Patients undergoing percutaneous coronary intervention (PCI) during preprocedural transcatheter aortic valve replacement (TAVR) workup are at higher risk for late bleeding events (LBEs), defined as >30 days after TAVR, a new study shows.
The rates can reach as high as 8% through 2-year follow-up, with gastrointestinal and neurological bleeding being the most commonly observed. Early (<30 days) major bleeding and antiplatelet–anticoagulation combination were identified as independent risk factors for LBE.
The data were reported by Marisa Avvedimento, MD, Quebec Heart and Lung Institute, Laval University, Quebec City, in a manuscript published Monday online in JACC: Cardiovascular Interventions.
Coronary artery disease (CAD) is frequently detected in patients undergoing TAVR. The debate over coronary evaluation and PCI decisions persists, with a growing emphasis on treating younger, lower-risk patients, highlighting its importance. PCI requires antiplatelet use, which is linked to higher early bleeding risk post-TAVR but lacks a discernible clinical impact beyond 30 days.
This multicenter study included 1,457 patients from 15 centers from Canada, Europe and Brazil who underwent PCI up to 3 months before TAVR as part of pre-TAVR workup and survived 30 days after TAVR. Their mean age was 81 ± 7 years; 41.5% females, Society of Thoracic Surgeons score 5.7%. The patients’ mean SYNTAX score was 12 ± 9 points, 1.5 ±- 0.8 vessels were treated for each patient, and complete revascularization was achieved in 75% of cases.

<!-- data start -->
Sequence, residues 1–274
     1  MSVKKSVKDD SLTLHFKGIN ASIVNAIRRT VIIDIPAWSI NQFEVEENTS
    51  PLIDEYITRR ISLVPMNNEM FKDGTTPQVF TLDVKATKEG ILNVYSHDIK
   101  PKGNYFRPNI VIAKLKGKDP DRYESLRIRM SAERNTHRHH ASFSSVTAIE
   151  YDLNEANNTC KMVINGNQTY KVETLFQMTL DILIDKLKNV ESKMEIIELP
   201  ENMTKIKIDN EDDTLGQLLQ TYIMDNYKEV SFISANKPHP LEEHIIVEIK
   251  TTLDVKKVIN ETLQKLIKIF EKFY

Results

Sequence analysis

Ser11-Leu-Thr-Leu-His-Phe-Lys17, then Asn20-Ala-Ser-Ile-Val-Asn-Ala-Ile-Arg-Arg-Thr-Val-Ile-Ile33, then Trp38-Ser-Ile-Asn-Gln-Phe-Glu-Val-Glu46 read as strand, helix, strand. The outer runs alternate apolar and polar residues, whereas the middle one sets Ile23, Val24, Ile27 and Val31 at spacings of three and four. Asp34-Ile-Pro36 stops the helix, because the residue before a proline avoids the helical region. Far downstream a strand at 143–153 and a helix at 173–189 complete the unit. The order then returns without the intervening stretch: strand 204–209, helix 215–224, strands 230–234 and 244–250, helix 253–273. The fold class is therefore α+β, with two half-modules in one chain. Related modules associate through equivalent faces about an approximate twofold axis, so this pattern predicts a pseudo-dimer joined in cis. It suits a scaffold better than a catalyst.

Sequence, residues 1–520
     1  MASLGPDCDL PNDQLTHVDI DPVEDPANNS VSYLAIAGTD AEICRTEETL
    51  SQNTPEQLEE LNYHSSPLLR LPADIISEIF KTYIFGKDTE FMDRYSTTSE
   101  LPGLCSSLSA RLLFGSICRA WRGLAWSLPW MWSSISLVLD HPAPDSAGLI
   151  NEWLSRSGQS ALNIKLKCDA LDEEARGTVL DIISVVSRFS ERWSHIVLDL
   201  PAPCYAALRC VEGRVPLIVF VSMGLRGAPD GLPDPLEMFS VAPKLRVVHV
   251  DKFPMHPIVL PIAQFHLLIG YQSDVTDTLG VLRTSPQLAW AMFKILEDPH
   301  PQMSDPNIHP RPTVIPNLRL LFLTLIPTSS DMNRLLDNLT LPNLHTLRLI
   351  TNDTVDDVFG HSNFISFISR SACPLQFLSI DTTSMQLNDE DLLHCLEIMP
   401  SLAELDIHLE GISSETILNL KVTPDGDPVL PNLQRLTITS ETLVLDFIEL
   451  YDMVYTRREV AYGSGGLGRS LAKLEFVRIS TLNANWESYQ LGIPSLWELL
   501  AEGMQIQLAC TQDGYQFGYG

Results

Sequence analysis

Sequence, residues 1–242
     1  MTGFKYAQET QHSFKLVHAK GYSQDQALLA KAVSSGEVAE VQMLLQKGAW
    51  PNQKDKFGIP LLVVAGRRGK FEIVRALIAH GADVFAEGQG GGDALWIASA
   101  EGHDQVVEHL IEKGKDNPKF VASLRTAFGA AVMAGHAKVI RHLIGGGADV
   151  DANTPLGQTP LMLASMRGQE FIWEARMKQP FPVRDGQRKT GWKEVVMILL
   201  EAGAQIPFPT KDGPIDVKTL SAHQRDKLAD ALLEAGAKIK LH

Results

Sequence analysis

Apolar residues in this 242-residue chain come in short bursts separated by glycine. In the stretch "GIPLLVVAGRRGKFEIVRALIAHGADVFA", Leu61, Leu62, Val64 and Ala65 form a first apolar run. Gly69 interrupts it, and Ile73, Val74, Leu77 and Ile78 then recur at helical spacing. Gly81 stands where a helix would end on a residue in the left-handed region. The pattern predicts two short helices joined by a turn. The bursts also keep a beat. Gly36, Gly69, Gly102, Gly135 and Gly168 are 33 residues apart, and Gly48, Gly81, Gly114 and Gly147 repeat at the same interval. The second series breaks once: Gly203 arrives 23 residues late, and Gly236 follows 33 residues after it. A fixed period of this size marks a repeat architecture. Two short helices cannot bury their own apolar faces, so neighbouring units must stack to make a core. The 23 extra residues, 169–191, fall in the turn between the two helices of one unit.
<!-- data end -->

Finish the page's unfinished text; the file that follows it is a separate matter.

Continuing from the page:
The median time from PCI to TAVR was 31 days. Within a median follow-up of 23 months, 116 patients (7.9%) experienced LBEs. The majority of these bleeds were classified as major according to Valve Academic Research Consortium 2 criteria (63, 54.3%), with 32 (27.6%) being categorized as life-threatening or causing disability.
Two Independent risk factors for LBEs were identified: preprocedural (within the first 30 days after TAVR) bleeding (hazard ratio [HR] 2.00; 95% confidence interval [CI] 1.10-3.62) and the combined use of antiplatelets and anticoagulants (HR 1.72; 95%, CI 1.19-2.49). Notably, individuals who experienced LBEs had a higher mortality risk at 4-year follow-up compared to those who did not bleed (44% vs. 36%, P=0.034). Furthermore, LBE itself emerged as an independent predictor for all-cause mortality following TAVR (HR 1.39; 95% CI 1.05 – 1.83; P=0.02). Late stroke was associated with increased risk of death as well (HR 1.85; CI 1.28-2.68)
The study's limitations include its retrospective nature, potential unmeasured confounders and the absence of pre-specified analyses.
Writing in an accompanying editorial, Paolo Calabrò, MD, PhD, and Felice Gragnano, MD, University of Campania “Luigi Vanvitelli,” Caserta, Italy, pointed out that a pooled analysis from the PARTNER trial showed fourfold increased mortality in patient with major late bleeding. The editorialists recommended approaching the results with caution, acknowledging the study's limitations. They also noted that the observed connection between early and late bleeding aligns with the general principle that "patients who experience bleeding once are at a greater risk of bleeding again."
Suggesting it is possible that by eliminating the source or predisposing factor for early bleeding, we may anticipate a reduction in the occurrence of late bleeding. The commenters emphasized that, in the study, there was no evident factor identified as a strong predictor of late bleeding risk, except for the use of antithrombotic therapy.
They concluded that, “The emerging clinical space of PCI-TAVR is exciting but requires further evidence to be fully captured and navigated.”
Avvedimento M, Campelo-Parada F, Munoz-Garcia E, et al. Late Bleeding Events in Patients Undergoing Percutaneous Coronary Intervention in the Workup Pre-TAVR. JACC Cardiovasc Interv. 2023;16:2153–2164.
Calabrò P, Gragnano F. Bleeding in Patients Undergoing PCI and TAVR: Combining Coronary and Valve Procedures Raises New Challenges. JACC Cardiovasc Interv. 2023;16:2165–2168.
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